LITTLE ROCK, Ark. – Just before Wednesday afternoon, officials with the city of Little Rock made a statement regarding taking the municipal computer network offline due to what it called a security concern.

In a statement from the mayor’s office, aside from the city’s 911 call center and 311 service, all other city emails and network applications are down because of this concern.

Stephen Addison is the Dean of the College of Natural Science and Mathematics at the University of Central Arkansas. He has a history in cybersecurity and said he was not shocked when he read the statement from the city.

“Industries, governments, schools, hospitals there is a wide degree of vulnerability, and the vulnerability isn’t really through any high-tech attacks,” Addison said. “Most of the vulnerability that we see today can be traced back to outdated systems.”

The city of Little Rock has not said what prompted the concern. Notices of system outages were first posted to city social media platforms Tuesday morning, but those posts did not mention why the systems were down.

Addison said he believes several ways businesses can manage their cybersecurity is by having multiple policies in place.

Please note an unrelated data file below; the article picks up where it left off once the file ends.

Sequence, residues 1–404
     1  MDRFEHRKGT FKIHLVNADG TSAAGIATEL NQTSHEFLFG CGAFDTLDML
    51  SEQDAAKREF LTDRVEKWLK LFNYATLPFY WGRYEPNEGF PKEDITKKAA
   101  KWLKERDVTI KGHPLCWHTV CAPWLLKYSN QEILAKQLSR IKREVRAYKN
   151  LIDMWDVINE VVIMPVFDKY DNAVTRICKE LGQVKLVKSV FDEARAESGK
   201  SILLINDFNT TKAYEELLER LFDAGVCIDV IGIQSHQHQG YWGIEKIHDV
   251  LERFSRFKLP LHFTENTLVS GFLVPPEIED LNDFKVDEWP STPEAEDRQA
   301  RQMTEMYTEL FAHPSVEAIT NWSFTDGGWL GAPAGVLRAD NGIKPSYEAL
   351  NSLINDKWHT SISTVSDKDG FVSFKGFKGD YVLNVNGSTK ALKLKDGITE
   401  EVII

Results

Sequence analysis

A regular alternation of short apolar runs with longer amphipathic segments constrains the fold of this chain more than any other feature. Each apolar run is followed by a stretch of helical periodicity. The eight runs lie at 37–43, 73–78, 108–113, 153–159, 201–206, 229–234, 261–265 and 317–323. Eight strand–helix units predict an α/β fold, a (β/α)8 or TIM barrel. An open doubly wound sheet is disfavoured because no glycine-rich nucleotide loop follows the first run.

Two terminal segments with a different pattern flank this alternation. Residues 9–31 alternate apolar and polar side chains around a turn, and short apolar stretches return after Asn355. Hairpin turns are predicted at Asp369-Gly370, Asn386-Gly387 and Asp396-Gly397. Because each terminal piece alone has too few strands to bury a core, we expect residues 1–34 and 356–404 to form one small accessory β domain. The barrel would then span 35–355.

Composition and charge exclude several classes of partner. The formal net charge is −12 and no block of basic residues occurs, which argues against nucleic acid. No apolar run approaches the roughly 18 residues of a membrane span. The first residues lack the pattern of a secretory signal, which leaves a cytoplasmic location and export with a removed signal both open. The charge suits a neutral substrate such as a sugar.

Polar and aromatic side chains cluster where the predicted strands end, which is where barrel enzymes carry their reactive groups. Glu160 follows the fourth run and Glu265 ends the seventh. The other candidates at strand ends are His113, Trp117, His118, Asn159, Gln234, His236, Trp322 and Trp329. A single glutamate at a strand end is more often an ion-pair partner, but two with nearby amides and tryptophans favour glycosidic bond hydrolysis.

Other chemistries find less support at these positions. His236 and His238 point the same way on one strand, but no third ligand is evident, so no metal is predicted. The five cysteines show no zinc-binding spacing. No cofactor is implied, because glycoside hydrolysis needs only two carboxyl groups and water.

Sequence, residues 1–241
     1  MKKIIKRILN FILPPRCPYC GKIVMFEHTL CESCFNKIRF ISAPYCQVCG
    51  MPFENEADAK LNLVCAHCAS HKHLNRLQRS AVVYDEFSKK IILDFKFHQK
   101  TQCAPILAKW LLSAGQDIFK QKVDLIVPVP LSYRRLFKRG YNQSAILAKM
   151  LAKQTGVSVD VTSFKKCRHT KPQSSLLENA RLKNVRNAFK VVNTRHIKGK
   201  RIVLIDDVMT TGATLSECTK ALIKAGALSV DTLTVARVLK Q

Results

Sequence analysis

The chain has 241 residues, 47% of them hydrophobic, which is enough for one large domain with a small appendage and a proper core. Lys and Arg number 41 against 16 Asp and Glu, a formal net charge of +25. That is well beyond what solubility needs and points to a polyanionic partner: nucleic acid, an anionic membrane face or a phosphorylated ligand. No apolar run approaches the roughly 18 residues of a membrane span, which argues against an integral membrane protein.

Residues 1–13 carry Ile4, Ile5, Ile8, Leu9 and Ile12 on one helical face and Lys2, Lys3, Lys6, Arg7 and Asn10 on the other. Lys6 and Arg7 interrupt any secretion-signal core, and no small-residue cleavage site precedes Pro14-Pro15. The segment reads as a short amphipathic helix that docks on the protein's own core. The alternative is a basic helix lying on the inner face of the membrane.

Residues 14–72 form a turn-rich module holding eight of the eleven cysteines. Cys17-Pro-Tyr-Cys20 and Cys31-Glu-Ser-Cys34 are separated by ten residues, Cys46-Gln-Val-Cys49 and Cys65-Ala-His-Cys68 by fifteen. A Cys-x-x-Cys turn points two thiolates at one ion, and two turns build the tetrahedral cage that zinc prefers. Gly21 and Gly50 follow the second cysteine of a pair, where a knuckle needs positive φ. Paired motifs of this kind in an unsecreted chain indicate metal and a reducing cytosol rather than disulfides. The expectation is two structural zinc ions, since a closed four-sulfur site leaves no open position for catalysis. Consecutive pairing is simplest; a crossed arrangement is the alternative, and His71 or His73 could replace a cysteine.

“Develop policies about what devices are allowed on the system and how devices can be used when they’re not on the system,” Addison said. “You have to require a password that is not easily liable to get penetrated.”

City services that might normally be requested online, including building, electrical, plumbing or mechanical permits, can be obtained at the Planning and Development Department located at 723 West Markham Street. Business licenses can be requested at City Hall at 500 West Markham.

City departments can also be reached by telephone at 501-371-4510.

The statement for the city said teams are working to return to normal network services as soon as possible but gave no timeframe for when that may happen.